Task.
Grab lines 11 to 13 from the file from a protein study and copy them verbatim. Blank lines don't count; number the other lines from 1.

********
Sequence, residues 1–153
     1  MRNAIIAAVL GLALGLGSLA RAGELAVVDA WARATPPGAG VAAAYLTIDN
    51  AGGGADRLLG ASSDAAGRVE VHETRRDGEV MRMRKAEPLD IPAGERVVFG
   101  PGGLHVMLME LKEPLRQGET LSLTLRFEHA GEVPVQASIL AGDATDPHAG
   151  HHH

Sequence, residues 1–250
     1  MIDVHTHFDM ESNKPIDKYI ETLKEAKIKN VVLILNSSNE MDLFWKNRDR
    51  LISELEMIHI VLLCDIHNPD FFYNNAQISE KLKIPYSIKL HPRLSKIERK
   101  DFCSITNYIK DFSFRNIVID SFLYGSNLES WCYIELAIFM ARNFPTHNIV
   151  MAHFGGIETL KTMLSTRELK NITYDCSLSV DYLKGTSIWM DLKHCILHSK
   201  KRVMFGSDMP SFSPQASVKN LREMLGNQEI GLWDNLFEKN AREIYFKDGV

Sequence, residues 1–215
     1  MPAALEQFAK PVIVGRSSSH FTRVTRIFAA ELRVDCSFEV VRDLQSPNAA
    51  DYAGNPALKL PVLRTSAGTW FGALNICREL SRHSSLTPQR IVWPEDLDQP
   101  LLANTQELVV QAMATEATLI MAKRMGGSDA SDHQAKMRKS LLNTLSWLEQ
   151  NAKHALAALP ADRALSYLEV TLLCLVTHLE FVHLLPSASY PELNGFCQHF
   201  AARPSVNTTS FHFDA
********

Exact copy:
   201  KRVMFGSDMP SFSPQASVKN LREMLGNQEI GLWDNLFEKN AREIYFKDGV

Sequence, residues 1–215
     1  MPAALEQFAK PVIVGRSSSH FTRVTRIFAA ELRVDCSFEV VRDLQSPNAA